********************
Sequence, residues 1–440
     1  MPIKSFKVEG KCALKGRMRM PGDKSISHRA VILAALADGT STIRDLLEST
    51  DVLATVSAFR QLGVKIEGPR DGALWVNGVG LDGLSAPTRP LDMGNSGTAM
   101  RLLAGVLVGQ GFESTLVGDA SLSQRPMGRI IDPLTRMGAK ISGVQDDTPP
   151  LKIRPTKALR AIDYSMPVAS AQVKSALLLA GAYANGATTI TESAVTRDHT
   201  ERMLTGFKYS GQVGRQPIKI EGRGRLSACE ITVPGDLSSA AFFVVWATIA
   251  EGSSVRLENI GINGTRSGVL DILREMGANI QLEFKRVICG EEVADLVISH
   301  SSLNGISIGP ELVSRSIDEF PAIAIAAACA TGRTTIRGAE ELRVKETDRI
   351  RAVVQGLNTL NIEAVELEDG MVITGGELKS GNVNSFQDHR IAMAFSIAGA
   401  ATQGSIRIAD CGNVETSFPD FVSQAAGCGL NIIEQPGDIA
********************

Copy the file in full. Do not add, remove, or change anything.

Sequence, residues 1–440
     1  MPIKSFKVEG KCALKGRMRM PGDKSISHRA VILAALADGT STIRDLLEST
    51  DVLATVSAFR QLGVKIEGPR DGALWVNGVG LDGLSAPTRP LDMGNSGTAM
   101  RLLAGVLVGQ GFESTLVGDA SLSQRPMGRI IDPLTRMGAK ISGVQDDTPP
   151  LKIRPTKALR AIDYSMPVAS AQVKSALLLA GAYANGATTI TESAVTRDHT
   201  ERMLTGFKYS GQVGRQPIKI EGRGRLSACE ITVPGDLSSA AFFVVWATIA
   251  EGSSVRLENI GINGTRSGVL DILREMGANI QLEFKRVICG EEVADLVISH
   301  SSLNGISIGP ELVSRSIDEF PAIAIAAACA TGRTTIRGAE ELRVKETDRI
   351  RAVVQGLNTL NIEAVELEDG MVITGGELKS GNVNSFQDHR IAMAFSIAGA
   401  ATQGSIRIAD CGNVETSFPD FVSQAAGCGL NIIEQPGDIA